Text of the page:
Bible Study Notes 8/25/20

Word Alive! © 2020 Summer Series We Can Get Through This! Concord Baptist Church of Boston in Milton Conley Hughes, Jr., Senior Pastor Tuesday, 25 Aug., 2020

Max Lucado, “You’ll Get Through This,” Lesson 9, (Chapter 8)

Devotional Time: “You’ll Get Through This,” (pp. 77-87)

Word Alive! © 2020 Summer Series We Can Get Through This! Concord Baptist Church of Boston in Milton Conley Hughes, Jr., Senior Pastor Tuesday, 25 Aug., 2020


“Listen to me, you who have

understanding. Everyone

knows that God doesn’t sin!

Job 34:10;12, NLT

The Almighty can do no

wrong! Truly, God will do no

wrong. The Almighty will not

twist justice.”

James 1:17, NLT

“Whatever is good and perfect

comes down to us from God

our Father, who created all

the lights in the heavens. He

never changes or casts a

shifting shadow.”

Romans 8:28, NLT

“And we know that God causes

everything to work together

for the good of those who

love God and are called

according to His purpose for

them.”

Psalm 100:5, NLT

“For the Lord is good. His

unfailing love continues

forever, and His faithful-

ness continues to each

generation.”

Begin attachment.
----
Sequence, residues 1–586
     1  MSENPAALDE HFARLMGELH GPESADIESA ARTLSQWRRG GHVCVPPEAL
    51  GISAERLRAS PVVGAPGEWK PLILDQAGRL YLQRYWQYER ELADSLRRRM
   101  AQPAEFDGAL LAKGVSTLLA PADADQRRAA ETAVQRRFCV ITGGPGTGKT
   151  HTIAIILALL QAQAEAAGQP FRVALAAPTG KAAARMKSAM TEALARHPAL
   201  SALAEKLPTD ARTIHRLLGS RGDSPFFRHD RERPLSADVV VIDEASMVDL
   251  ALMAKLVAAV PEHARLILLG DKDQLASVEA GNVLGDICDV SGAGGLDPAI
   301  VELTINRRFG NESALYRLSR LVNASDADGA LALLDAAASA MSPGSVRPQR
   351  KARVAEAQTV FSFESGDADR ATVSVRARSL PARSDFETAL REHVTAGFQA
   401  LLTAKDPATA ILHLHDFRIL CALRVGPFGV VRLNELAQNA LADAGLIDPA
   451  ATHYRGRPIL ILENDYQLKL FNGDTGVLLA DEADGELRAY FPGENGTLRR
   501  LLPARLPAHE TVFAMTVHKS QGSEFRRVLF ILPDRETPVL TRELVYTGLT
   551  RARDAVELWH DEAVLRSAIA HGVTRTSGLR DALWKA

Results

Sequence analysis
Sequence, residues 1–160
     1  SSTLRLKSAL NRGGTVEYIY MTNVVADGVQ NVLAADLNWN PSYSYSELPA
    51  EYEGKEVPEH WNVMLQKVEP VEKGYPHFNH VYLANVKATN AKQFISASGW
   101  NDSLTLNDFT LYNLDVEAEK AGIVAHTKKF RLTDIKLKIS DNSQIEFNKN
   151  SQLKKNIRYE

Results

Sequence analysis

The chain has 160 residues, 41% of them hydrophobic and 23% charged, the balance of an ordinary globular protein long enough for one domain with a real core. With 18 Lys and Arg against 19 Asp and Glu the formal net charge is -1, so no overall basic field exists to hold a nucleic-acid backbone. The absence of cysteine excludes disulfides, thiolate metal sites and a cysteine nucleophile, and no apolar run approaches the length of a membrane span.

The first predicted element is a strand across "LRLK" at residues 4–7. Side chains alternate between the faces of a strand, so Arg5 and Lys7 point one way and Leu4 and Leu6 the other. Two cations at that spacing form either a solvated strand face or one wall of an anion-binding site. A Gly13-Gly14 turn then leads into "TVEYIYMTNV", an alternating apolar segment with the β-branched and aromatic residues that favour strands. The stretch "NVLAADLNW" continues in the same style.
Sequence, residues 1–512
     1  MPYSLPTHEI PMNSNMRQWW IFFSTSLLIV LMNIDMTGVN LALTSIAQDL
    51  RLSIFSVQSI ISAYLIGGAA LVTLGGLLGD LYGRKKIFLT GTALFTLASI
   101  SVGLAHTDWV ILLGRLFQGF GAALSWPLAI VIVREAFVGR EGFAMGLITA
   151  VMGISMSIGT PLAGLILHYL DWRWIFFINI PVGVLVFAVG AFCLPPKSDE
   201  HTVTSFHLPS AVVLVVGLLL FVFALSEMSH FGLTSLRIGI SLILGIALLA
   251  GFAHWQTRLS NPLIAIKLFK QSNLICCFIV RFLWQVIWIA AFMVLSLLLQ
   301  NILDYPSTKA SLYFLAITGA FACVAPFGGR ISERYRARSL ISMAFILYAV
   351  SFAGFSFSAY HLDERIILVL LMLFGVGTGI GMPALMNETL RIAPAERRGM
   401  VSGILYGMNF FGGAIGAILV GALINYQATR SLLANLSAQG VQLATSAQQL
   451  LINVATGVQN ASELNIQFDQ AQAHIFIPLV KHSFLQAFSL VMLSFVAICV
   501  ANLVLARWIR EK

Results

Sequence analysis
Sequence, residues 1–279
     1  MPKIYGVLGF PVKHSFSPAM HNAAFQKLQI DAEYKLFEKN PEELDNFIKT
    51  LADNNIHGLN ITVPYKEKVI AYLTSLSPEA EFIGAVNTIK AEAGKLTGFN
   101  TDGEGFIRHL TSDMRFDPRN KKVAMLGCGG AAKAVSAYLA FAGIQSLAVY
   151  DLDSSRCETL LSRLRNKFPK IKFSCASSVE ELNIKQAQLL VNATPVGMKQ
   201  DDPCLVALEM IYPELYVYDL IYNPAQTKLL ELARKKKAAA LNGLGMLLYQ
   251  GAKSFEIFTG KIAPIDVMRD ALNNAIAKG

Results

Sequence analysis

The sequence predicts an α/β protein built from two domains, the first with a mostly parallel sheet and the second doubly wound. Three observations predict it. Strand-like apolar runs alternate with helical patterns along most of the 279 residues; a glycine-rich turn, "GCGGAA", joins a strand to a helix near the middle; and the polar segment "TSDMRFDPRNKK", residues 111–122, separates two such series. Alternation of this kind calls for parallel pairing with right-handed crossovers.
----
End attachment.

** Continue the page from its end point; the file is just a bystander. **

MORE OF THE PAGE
Ezekiel 20:26, NLT

“I let them pollute themselves

with the very gifts I had given

them, and I allowed them to

give their firstborn children

as offerings to their gods so

that I might devastate them

and remind them that I alone

am God.”

Seeing The Good In God – There isn’t any question asked as often as, “If God is good, why do good people suffer?” For many millennia this question has plagued the human spirit. In ancient times, calamities and tragedies were said to be the result of some transgression by the person whom they afflicted. This is certainly the assumption with the story of Job in the Old Testament. Job’s friends, opined that his suffering was the cause of his sins. However, after listening to Job’s three friends, a young man, Elihu, defended the “good” character of God (cf. Job 34:10; 12, NLT). Neither Job nor God was the source of his suffering. Job’s suffering, as difficult as it was, became an experience of “testing,” that ultimately brought him healing and restitution. Like Job and Joseph, God “permits” us to encounter some trials, only to take us to a better place. The fact that God “allows” us to experience trials, in no way compromises the good in His character (cf. James 1:17, NLT). In the study devotional, You’ll Get Through This, author Max Lucado says, “God never creates or parlays evil.” He says further, “God at times permits tragedies. He permits the ground to grow dry and stalks to grow bare…But He does not allow Satan to triumph.” When we look at the idea of a “good God”, or “the good” in our lives, we must use the Biblical standard. Trying to find the good in the midst of life’s crises is not always easy. But God will use our experiences to create results, which are beneficial to us; and, which pleases Him (cf. Romans 8:28, NLT). The Greek word agathos, used in this translation, means “something beneficial,” or “